Create an
Account

  Add to My Q

The Whole Gritty City

Various Artists

Year: 2013

Runtime: 01:28:28

The Whole Gritty City is a unique, fascinating window into the little-known world of New Orleans school marching bands. The documentary is a dramatic, music-filled story of children struggling to reach adulthood in one of America's most impoverished and violent cities. The film follows kids in three bands as the directors get them ready to perform in the Mardi Gras parades, and teach them to succeed and to survive. Navigating the urban minefield through moments of setback, loss, discovery, and triumph, these children and their adult leaders reveal the power and resilience of a culture.

Various Artists Available In:

Jazz, Documentary

Genres You May Like:

Jazz, Documentary, Vocal, Soul, Blues, Rock, Punk, Folk, Pop

Shows You May Also Like See All Shows You May Also Like

  • Gilad and All That Jazz

    Gilad Atzmon

    Year: 2012

    Runtime: 59 min

    “Gilad and All That Jazz” is an exquiside music documentary following a flourishing year in the life of one of modern music's greatest saxophonists and one of Europe's most controversial public speakers.

    Added to My Q

  • Adventures in the Kingdom of Swing

    Benny Goodman

    Year: 1992

    Runtime: 1 hr 2 min

    This biography of musical legend Benny Goodman contains testimonials from various contemporaries and scholars, and offers several clips of the man in performance. Nearly two-dozen songs can be heard including "California, Here I Come," "A Fine Romance," "Why Don't You Do Right," "I've Got a Heart Full of Music," and "Bugle Cal Rag."

    Added to My Q

  • All That Jazz: From New Orleans To New York

    Various Artists

    Year: 2010

    Runtime: 1 hr 49 min

    An anthology of Jazz profiling the music of Jelly Roll Morton, Ma Rainey, Fats Waller, Benny Goodman, The Dorsey Brothers, Django Rheinhardt and countless other artists from popular swing era of the 1930s and '40s.

    Added to My Q

  • Let's Get Lost

    Chet Baker

    Year: 1988

    Runtime: 1 hr 60 min

    "Let's Get Lost" is an American documentary film about the turbulent life and career of jazz trumpeter Chet Baker written and directed by Bruce Weber. The title is derived from a song by Jimmy McHugh and Frank Loesser from the 1943 film Happy Go Lucky which Baker recorded for Pacific Records. A group of Baker fans, ranging from ex-associates to ex-wives and children, talk about the man. Weber’s film traces the man’s career from the 1950s, playing with jazz greats like Charlie Parker, Gerry Mulligan, and Russ Freeman, to the 1980s, when his heroin addiction and domestic indifference kept him in Europe.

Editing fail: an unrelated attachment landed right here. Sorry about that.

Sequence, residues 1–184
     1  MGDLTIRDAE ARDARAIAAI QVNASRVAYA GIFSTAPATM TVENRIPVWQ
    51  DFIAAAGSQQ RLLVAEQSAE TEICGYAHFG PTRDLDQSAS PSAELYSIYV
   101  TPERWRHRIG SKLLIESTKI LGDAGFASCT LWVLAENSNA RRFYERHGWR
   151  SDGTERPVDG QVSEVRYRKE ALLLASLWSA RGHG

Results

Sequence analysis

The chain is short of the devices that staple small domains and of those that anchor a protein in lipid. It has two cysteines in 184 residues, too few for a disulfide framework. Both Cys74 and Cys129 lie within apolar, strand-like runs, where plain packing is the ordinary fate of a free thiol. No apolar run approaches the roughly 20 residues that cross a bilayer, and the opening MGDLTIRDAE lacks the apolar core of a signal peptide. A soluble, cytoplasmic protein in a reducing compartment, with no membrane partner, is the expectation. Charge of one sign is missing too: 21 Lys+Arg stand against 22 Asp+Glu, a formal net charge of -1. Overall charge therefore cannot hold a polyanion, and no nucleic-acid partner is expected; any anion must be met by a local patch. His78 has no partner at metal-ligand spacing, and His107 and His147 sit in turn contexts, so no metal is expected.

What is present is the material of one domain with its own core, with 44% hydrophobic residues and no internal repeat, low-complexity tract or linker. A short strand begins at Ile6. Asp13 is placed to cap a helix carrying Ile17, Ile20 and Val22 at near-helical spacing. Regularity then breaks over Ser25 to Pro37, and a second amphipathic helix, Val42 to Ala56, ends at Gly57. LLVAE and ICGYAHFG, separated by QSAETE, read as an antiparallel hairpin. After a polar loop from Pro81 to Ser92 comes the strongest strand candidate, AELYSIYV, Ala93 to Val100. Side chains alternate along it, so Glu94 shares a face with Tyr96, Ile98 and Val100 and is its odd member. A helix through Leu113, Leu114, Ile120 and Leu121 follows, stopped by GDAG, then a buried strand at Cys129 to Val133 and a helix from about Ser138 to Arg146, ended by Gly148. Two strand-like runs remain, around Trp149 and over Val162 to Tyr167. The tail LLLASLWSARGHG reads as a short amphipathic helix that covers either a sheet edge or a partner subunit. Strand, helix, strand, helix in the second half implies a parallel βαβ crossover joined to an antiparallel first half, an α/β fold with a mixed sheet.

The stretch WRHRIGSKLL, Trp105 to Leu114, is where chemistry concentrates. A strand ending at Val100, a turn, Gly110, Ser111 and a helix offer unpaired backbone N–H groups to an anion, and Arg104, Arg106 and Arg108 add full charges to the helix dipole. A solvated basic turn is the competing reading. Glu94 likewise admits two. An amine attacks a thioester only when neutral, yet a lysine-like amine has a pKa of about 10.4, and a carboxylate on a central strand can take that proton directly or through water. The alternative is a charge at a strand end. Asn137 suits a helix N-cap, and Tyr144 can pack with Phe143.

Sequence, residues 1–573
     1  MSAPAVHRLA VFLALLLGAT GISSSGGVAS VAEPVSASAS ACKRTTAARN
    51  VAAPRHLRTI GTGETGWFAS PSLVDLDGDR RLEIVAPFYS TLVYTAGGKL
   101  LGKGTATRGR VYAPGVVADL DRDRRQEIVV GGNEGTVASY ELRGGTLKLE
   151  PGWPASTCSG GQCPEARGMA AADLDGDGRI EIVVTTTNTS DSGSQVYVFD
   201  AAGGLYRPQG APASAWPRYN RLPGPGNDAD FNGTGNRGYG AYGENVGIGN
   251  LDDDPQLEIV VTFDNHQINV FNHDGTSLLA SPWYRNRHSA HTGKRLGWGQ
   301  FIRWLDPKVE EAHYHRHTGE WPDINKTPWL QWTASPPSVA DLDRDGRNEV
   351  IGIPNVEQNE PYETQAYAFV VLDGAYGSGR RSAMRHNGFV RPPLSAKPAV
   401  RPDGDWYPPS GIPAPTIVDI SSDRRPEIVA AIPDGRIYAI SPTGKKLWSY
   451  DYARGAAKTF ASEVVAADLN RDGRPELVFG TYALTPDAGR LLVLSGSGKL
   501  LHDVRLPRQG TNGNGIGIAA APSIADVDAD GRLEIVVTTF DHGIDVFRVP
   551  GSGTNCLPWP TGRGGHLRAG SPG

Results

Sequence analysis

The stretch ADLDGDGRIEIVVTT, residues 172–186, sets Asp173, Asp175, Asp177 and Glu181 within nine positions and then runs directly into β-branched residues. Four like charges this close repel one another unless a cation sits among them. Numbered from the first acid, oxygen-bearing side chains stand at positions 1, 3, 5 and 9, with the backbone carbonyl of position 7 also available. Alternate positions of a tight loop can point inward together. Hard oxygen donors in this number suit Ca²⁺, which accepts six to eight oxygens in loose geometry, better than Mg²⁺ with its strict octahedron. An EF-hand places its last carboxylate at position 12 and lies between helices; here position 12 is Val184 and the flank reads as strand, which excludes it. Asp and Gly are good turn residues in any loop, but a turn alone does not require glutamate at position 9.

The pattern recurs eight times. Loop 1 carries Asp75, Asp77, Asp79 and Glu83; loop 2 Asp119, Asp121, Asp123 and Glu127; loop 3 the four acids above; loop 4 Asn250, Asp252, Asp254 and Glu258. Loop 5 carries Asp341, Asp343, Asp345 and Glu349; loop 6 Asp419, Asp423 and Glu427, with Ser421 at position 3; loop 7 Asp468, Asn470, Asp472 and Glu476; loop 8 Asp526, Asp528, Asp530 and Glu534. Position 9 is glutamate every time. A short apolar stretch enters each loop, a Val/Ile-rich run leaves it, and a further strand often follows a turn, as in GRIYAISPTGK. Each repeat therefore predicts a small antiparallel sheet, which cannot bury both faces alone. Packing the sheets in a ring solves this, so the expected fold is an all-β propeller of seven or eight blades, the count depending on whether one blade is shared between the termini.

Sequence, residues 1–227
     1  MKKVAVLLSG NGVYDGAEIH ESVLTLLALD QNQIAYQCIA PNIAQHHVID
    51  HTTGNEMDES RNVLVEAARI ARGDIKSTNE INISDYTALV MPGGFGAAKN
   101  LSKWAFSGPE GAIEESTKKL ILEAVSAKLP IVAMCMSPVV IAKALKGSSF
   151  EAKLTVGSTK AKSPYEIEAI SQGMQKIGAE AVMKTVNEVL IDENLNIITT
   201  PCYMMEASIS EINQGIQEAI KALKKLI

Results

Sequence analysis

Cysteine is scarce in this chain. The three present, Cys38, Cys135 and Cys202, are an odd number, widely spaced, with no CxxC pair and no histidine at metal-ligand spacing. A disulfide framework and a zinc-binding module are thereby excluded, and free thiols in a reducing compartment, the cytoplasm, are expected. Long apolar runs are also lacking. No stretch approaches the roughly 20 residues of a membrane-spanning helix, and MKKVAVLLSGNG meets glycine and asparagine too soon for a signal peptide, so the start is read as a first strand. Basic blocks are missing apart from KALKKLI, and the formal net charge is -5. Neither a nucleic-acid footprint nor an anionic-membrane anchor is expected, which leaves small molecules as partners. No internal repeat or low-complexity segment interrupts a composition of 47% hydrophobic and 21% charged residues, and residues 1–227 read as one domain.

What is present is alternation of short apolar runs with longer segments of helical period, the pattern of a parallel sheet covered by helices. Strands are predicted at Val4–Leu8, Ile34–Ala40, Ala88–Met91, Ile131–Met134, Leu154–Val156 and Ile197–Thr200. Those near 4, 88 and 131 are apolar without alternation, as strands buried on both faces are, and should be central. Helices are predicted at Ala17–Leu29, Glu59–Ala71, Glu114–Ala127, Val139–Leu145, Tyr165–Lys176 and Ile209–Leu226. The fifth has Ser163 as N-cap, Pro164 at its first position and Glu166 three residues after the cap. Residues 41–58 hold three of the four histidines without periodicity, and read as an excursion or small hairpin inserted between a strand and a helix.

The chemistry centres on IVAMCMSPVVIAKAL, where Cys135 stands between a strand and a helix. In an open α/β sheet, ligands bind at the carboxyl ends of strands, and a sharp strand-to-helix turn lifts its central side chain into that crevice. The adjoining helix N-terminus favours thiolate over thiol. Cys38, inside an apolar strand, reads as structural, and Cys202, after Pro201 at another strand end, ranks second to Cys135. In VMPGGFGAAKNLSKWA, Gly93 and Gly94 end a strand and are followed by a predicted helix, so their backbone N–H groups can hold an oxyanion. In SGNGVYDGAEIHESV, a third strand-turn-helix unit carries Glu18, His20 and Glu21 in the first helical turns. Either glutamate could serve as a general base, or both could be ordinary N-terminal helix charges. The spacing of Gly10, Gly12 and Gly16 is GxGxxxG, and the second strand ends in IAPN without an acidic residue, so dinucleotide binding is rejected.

Added to My Q

  • A Joyful Noise

    Sun Ra

    Year: 1980

    Runtime: 59 min

    Robert Mugge filmed jazz great Sun Ra on location in Philadelphia, Baltimore, and Washington, D.C. between 1978 and 1980. The resulting 60-minute film includes multiple public and private performances, poetry readings, a band rehearsal, interviews, and extensive improvisations. Transferred to HD from the original 16mm film and lovingly restored for the best possible viewing experience.

    Added to My Q

  • Give Me The Banjo

    Various Artists

    Year: 2015

    Runtime: 1 hr 23 min

    The banjo has been an emblem of American culture for centuries, yet few realize the instrument's complicated, checkered past. Narrated by Steve Martin and featuring such banjo masters as Pete Seeger, Earl Scruggs and Béla Fleck, GIVE ME THE BANJO goes beyond the stereotypes and delves into the musical odyssey of the banjo, from its African roots to the present day. Brought to the New World by enslaved Africans, the banjo has shaped many American musical forms: the minstrel show, ragtime, and early jazz, old-time folk and the folk revival, as well as blues, bluegrass, country and world music. Packed with great music, this documentary brings together a wide variety of banjo experts - including music historians, instrument-makers, folklorists, and players of all styles - and profiles past greats such as Charlie Poole and Gus Cannon to celebrate the cultural richness of America's quintessential musical instrument.

    Added to My Q

  • My Father and the Man in Black

    Various Artists

    Year: 2013

    Runtime: 1 hr 28 min

    Following his father's suicide, Jonathan Holiff discovers hundreds of letters and audio diaries, including secretly recorded phone calls with Johnny Cash during his crazed pill-fueled 1960s, triumphs at Folsom and San Quentin, marriage to June Carter, and his conversion in the early 1970s to born-again Christian. These artifacts tell the story about how Holiff Sr. and Cash collaborated to create a superstar, while each struggled with personal demons. A fascinating behind-the-scenes view of the complex relationship between the notorious singer and his long-suffering manager--it is also a catharsis for its maker and engrossing journalism to boot.